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DD seems to have done much better in contrast. The problem here is the public sector mentality and iron-clad job guarantees to employees which would prevent even a competent management from doing wonders in a short while. DD needs an infusion of private talent from top to bottom, especially in its news programming. Given the noisy and shouting scenes on private channels, maybe there is scope for a reasonable and sane channel that is credible.

Now, to gaze at the crystal-ball to check what might change for media in the future.

#1: Private channels and print media will shrink as advertisers conserve money and seek better bang for the buck. During the pandemic, many news channels and print employees have been working from home.

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After the pandemic, this trend will catch on, and a significant percentage of workers will have to work from homes, and get only part-time work. Improving technology will enable more remote working, making it possible for more news entrepreneurs to produce reasonable prime-time programming at low costs.

#2: Print media will shrink and will have to use digital channels and subscription revenues to survive. Ad revenues cannot any more be relied on as advertisers use omni-channel strategies and niche advertising to reach target audiences. The free pass English print media received despite delivering smaller audiences will be gradually withdrawn.

Regional media, with wider audiences and much lower tariffs, will be the drivers of consumption and hence draw better advertising. But even this may be temporary, as ultimately digital is the way to grow viewership. Audience fragmentation became a reality in the post-dotcom world, and this will accelerate. But offline brands that quickly adopt digital modes will fare much better than purely digital brands due to the credibility they command.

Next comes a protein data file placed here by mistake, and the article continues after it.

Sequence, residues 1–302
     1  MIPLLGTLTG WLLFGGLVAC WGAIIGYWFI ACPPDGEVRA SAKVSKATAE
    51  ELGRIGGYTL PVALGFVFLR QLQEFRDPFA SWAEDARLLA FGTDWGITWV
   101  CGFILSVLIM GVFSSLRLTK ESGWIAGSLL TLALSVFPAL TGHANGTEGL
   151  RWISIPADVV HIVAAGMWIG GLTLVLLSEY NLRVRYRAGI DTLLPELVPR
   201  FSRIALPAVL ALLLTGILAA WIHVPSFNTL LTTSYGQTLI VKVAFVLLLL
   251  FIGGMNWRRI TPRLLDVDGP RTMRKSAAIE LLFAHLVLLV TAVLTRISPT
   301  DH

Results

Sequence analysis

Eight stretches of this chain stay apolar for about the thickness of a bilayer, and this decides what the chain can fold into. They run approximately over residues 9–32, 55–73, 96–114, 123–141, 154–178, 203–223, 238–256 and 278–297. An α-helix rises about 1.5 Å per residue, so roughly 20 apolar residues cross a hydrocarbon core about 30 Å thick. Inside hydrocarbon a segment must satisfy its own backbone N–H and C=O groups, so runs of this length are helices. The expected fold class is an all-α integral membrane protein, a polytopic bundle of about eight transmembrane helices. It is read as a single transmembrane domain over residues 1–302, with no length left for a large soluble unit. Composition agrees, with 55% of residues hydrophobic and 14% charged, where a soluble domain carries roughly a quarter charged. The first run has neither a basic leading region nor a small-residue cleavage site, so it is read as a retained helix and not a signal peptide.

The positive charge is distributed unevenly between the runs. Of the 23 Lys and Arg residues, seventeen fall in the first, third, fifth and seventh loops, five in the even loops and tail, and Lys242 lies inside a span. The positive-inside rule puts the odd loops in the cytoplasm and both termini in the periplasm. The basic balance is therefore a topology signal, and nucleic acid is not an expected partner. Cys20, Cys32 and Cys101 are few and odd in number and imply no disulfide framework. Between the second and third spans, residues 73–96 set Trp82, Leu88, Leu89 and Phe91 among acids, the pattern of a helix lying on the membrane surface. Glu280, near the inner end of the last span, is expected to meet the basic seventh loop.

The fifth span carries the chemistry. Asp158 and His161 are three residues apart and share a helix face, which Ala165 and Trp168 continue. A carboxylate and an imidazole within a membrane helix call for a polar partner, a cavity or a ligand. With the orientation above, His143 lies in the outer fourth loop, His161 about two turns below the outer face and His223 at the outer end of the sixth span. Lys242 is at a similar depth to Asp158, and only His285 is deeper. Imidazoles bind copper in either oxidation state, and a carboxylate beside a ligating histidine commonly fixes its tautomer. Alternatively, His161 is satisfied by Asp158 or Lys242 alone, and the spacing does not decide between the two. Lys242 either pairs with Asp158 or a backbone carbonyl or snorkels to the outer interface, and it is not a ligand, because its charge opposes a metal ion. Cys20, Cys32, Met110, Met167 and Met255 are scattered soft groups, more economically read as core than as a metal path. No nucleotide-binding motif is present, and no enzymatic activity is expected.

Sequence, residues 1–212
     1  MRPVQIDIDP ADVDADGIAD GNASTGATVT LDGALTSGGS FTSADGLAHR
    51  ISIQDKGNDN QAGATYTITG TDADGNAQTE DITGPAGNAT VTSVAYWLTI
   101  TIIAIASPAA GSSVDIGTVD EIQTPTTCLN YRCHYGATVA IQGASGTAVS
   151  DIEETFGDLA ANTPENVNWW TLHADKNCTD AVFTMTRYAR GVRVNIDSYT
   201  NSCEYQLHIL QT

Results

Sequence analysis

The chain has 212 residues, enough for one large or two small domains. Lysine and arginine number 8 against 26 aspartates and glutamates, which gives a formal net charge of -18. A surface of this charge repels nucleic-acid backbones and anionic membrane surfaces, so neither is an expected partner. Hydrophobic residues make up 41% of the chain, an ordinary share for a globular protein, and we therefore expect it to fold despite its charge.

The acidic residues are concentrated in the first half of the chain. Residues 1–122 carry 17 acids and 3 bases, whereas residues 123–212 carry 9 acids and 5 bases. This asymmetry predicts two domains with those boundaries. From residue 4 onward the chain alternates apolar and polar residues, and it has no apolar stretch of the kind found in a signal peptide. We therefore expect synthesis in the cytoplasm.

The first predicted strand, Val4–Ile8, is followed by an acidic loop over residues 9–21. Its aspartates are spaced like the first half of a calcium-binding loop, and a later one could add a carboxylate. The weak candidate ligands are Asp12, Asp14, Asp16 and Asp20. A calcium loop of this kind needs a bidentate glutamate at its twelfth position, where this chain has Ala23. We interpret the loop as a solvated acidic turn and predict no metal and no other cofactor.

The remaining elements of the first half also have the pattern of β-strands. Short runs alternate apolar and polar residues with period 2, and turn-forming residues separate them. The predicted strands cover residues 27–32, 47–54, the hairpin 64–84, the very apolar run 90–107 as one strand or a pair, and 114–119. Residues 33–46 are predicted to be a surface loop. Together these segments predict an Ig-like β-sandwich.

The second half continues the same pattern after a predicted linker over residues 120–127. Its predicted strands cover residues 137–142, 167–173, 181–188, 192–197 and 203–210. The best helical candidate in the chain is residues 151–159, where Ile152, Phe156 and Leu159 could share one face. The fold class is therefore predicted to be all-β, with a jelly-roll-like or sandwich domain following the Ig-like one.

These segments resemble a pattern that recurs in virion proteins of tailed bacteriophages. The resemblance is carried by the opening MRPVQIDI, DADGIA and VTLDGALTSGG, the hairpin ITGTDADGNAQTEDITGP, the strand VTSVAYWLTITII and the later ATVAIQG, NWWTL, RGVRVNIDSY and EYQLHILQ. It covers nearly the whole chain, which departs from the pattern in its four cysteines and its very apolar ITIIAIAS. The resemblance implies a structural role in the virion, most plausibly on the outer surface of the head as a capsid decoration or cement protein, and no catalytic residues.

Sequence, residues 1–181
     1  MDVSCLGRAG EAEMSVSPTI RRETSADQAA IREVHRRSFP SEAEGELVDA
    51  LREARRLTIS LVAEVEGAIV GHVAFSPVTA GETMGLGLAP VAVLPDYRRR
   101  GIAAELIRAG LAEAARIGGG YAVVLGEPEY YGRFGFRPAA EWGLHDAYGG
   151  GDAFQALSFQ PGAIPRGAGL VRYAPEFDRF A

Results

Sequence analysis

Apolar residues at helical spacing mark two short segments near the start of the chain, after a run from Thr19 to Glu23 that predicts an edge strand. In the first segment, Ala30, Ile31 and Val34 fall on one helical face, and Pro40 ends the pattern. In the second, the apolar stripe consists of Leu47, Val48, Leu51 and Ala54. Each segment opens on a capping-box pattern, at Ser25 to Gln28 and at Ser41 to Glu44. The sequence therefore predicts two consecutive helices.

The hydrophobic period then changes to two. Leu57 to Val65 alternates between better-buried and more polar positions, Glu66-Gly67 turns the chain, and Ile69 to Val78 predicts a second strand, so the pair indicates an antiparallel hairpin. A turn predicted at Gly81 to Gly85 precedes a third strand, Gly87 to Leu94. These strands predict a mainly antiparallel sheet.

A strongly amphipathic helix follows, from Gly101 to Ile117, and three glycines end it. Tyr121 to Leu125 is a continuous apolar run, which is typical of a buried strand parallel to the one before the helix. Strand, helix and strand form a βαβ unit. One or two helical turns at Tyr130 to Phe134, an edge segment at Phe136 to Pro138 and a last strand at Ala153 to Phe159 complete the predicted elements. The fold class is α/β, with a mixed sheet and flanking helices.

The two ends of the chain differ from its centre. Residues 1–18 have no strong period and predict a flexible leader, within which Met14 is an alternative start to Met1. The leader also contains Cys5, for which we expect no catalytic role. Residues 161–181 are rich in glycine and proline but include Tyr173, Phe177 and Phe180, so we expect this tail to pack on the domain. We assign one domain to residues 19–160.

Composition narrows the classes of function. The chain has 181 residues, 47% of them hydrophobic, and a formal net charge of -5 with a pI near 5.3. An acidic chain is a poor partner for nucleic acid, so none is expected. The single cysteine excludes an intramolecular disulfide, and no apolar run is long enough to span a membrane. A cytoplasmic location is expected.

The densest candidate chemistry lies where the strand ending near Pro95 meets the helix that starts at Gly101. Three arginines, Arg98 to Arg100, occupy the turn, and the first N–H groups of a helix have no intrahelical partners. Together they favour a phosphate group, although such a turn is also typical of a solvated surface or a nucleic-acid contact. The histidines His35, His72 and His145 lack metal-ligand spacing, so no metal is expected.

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#3: Public broadcasting is going to make a comeback, provided they are done credibly and with a degree of panache. DD will never succeed with programmes designed to put you to sleep, and with time-servers as employees. A public-private partnership for Prasar Bharati will work best. There is a huge opportunity as the public trusts the state a bit more during a crisis, and this crisis, if used intelligently, can help Prasar Bharati make inroads into the news market in the same way it has with retro entertainment.

#4: Private channels, newspapers and subscription-based digital publications will need to be funded through private donations and corpuses created to promote quality content creators — writers, video producers, anchors, and podcasters.

It is foolish to presume that media can survive only on audience subscriptions. Just as universities cannot survive and produce good long-term research purely from student fees, media cannot survive — or at least produce quality content — without adequate private funding and non-profit investments by public spirited individuals who seek to nurture diverse voices in a democracy.

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#5: Rogue media and Left-wing ideological publications may tend to get more funding from businesses in a crony-capitalist environment for a simple reason: the Left will accept protection money from business and the latter will be willing to offer the same to prevent their businesses from being sabotaged.

It is worth noting that a significant chunk of regional media businesses even now survive by threatening businessmen with exposure or publication of inconvenient stories, even outright lies. Businesses cannot afford to invite media ire, since it is always easy to target the rich. The legal system offers limited protection against slander due to interminable delays.

The Indian Left has been India’s biggest roadblock to prosperity. Left-wing media, left-wing history, and left-wing academics have always been funded by big business. Left-wing media is less of an endangered species as long as the courts and the state cannot give businesses protection from Left-wing abuse and ostracism.

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Parasites always find it easier to survive when the host is weakened.